On the third level (level C) the challenges to tackle gets even more subtle and flimsy, and on this level the help given depends on good diagnosis from your teacher, if you have any. The circle of possible troubles has widened again, and to the degree you deviate from the exact methods to prosper from (near the central axis), the more to tackle, presumably.

Thus, to meditate well, learn a method that combines the best parts of three levels and try to keep centred while you do the meditation techniques. It is required that you tackle getting inward (the top of the pyramid). The inward-turning "click" is called pratyahara in Sanskrit.


Not All Are Sound

Meditation can be used for many ends. Some use its techniques to explore deeper, inner sides of their minds. Other do it for the benefits in daily living, such as more relaxation. Others might want to do it, aided or unaided, but should refrain to go forth unaided for health reasons. We go into many sides of it.

Figure 2. Wellness estimates.

Fig. 2 is a rough way of presenting the lay of the land in a nutshell. The people is grouped along the horizontal line: those suffering from bad health to the left, those in good health to the right.

Also, a theoretical surplus health is above the line, and ill-health, variously defined, is beneath it. Most people have ailments or troubles of various sort, but not all show them, or show them similarly. Instead some seek to show off while they meticulously hide or cover troubles. Neurotic defences may set in next - who can tell?

Experts estimate that the psychic health in Scandinavian countries is not top. According to the Norwegian mental health authority Nils Retterstøl, up to 25 percent of the population might preferably be hospitalised - but there are not enough hospital beds. Other estimates may be 20 percent, if it matters. The figure has blurred boundaries between the groups because estimates vary and definitions of health are tricky: There is no strict consensus about many definitions of mental disorders either.

Another sizeable part of the population could benefit from stays in hospital, but not as quite permanent residents there.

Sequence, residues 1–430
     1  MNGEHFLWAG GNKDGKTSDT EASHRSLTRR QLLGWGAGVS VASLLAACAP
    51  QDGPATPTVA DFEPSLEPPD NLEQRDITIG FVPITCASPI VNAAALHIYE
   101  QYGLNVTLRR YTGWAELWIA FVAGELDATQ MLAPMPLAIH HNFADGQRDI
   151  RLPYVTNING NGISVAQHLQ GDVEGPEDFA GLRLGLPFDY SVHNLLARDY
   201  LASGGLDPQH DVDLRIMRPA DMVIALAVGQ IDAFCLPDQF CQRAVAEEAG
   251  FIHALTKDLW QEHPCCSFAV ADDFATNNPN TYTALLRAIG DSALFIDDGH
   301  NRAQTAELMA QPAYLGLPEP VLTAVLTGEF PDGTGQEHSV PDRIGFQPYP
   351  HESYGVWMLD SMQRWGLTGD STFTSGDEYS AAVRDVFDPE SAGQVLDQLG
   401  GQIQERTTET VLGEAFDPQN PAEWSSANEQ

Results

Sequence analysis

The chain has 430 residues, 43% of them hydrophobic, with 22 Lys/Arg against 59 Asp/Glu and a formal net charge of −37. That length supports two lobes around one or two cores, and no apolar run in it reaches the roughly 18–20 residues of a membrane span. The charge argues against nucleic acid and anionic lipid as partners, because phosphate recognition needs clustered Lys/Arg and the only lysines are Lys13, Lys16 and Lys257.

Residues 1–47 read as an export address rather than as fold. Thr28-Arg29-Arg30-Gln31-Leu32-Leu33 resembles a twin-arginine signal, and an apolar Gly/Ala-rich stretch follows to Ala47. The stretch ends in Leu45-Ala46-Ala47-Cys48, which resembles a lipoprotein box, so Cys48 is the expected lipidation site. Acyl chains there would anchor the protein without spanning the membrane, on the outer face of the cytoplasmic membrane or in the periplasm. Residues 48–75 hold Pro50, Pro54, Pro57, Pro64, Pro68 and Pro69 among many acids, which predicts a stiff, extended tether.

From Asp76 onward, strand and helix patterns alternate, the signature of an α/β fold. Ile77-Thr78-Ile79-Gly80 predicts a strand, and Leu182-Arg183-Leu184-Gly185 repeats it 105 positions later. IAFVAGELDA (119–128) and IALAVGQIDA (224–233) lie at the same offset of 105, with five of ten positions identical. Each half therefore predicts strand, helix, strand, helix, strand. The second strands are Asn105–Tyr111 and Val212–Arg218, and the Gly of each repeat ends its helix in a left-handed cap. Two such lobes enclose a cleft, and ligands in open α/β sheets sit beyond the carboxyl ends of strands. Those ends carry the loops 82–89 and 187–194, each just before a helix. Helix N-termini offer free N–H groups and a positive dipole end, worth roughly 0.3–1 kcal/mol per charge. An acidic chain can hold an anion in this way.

The pressed "middle group" consists of people who manage to work on, but with more or less severe problems to handle or repress as long as it lasts, or until retirement.

The healthy few - according to Abraham Maslow - may go on and gain from it too, but the truly healthy seem to be few. If you need hard facts added to Figure 2, the Statistisk sentralbyrå (Statistics Norway, a governmental office of statistics) in Norway supplies plenty of on-line information

Very interestingly, Norway is a great country to live in according to UN, and so are its neighbouring countries. [Link]

Overloads and winning streaks

If you begin some meditation regime, it could be that suppressed troubles start churning in your mind, and you do not feel better from the practice. The more effective the techniques, the worse it might get. It happens to some. Therefore, adapt to the situation and condition.

The tragedy to some is that those who might need the benefits of meditation the most, are unable to get them because over an overload of quite unsettled mental problems and troubles in the outer world.

For reasons such as these - putting safety first - consider yourself, your situations, the documented benefits of a meditation technique, and the way of instruction first. Is it self-help, is ig group-aided, mentor-led? These things matter. You should have at least some "winning streaks" to begin with, if unaided.

Gentle techniques may still be put forth in public, though, to be within reach of seekers. And general hints on how to proceed is not barred from anyone either.


Basic considerations for meditating ones have been given above. Some wider perspectives have been delineated by help of a pyramid and simple statistics-founded estimates.

On the next page there is more to look into. The yoga dictionary (there is a link to the left) might be good to have at hand in a separate window. Should you need tips on how to arrange such a setting, here they are: [Link]


Meditation tips, Literature  

Hewitt, James. The Complete Yoga Book: The Yoga of Breathing, Meditation and Posture. London: Rider, 1991. ⍽▢⍽ An encyclopedia of yoga practices, practical yoga, and the philosophy and background of yoga. The author has done exhaustive research. Clear and easy to read, easy to use, with very good descriptions of practices and postures. An excellent primer.

McDonald, Kathleen. How to Meditate: A Practice Guide. Ed. Robina Courtin. 2nd ed. Boston, MA: Wisdom, 2005. ⍽▢⍽ For people who want to practice Tibetan Buddhist meditation.

Sands, William F. Maharishi's Yoga: The Royal Path to Enlightenment. Fairfield, IA: Maharishi University of Management Press, 2013. ⍽▢⍽ Dr. Sands has distilled some systematic teachings by Maharishi Mahesh Yogi on yoga, and tells that good goals of yoga-meditation can be achieved without (much) effort. Recommended.

Shastri, J. L., ed. Brahma Purana: Part 3. Delhi: Motilal Banarsidass, 1986.

Sivananda, Swami. Meditation Know-How. 4th ed. Shivanandanagar: The Divine Life Society, 2011. ⍽▢⍽ A good yogi guide to such as the practice of meditation, how to benefit from it, by dealing with several obstacles in meditation, and more too.

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Meditation tips USER'S GUIDE: [Link]